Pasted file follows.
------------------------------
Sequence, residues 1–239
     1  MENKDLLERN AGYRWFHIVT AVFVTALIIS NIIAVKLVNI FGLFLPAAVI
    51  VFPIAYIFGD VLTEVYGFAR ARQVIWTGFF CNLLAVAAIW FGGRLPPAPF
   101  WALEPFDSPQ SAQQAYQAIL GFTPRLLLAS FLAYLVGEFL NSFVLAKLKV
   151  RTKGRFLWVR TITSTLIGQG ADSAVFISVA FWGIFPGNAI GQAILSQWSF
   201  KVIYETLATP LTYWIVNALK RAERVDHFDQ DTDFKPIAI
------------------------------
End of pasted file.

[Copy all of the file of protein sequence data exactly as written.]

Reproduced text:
Sequence, residues 1–239
     1  MENKDLLERN AGYRWFHIVT AVFVTALIIS NIIAVKLVNI FGLFLPAAVI
    51  VFPIAYIFGD VLTEVYGFAR ARQVIWTGFF CNLLAVAAIW FGGRLPPAPF
   101  WALEPFDSPQ SAQQAYQAIL GFTPRLLLAS FLAYLVGEFL NSFVLAKLKV
   151  RTKGRFLWVR TITSTLIGQG ADSAVFISVA FWGIFPGNAI GQAILSQWSF
   201  KVIYETLATP LTYWIVNALK RAERVDHFDQ DTDFKPIAI